24. Tinazzi M, Fiaschi A, Rosso T, Faccioli F, Grosslercher J, Aglioti SM. Neuroplastic changes related to pain occur at multiple levels of the human somatosensory system: a somatosensory-evoked potentials study in patients with cervical radicular pain. J Neurosci 2000; 20: 9277-9283.
DOI: https://doi.org/10.1523/JNEUROSCI.20-24-09277.2000

25. Bijur PE, Latimer CT, Gallagher EJ. Validation of a verbally administered numerical rating scale of acute pain for use in the emergency department. Acad Emerg Med 2003; 10: 390-392.
DOI: https://doi.org/10.1197/aemj.10.4.390

26. Tsai C-T, Hsieh L-F, Kuan T-S, Kao M-J, Chou L-W, Hong C-Z. Remote effects of dry needling on the irritability of the myofascial trigger point in the upper trapezius muscle. Am J Phys Med Rehabil 2010; 89: 133-140.
DOI: https://doi.org/10.1097/PHM.0b013e3181a5b1bc

27. Persson AL, Brogådh C, Sjölund BH. Tender or not tender: test-retest repeatability of pressure pain thresholds in the trapezius and deltoid muscle of healthy women. J Rehabil Med 2004; 36: 17-27.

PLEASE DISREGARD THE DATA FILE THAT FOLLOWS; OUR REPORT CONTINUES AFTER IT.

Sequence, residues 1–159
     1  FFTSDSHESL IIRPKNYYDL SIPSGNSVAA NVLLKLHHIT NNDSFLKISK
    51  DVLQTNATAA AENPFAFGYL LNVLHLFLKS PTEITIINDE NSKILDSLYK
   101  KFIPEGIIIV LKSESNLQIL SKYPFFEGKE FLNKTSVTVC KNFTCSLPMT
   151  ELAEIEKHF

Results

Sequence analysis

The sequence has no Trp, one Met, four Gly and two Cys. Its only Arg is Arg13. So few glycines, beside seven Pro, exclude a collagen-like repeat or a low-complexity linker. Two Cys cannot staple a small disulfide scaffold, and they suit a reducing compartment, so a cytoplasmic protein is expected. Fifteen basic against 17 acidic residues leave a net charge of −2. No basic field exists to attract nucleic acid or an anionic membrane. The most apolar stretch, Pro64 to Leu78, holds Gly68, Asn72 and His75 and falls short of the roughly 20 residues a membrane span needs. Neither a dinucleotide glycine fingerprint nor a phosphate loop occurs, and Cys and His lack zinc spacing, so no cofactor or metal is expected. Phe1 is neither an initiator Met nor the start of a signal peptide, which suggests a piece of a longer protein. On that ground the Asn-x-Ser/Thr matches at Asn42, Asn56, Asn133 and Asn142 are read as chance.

DOI: https://doi.org/10.1080/16501970310015218

28. Grosso MJ, Hwang R, Mroz T, Benzel E SMP. Relationship between degree of focal kyphosis correction and neurological outcomes for patients undergoing cervical deformity correction surgery. J Neurosurg Spine 2013; 18: 537-544.
DOI: https://doi.org/10.3171/2013.2.SPINE12525

29. Baker PF, Ladds M, Rubinson KA. Measurement of the flow properties of isolated axoplasm in a defined chemical environment [proceedings]. J Physiol 1977; 269: 10-11.
DOI: https://doi.org/10.1177/002029407701000705

30. McCormick PC, Stein BM. Functional anatomy of the spinal cord and related structures. Neurosurg Clin N Am 1990; 1: 469-489.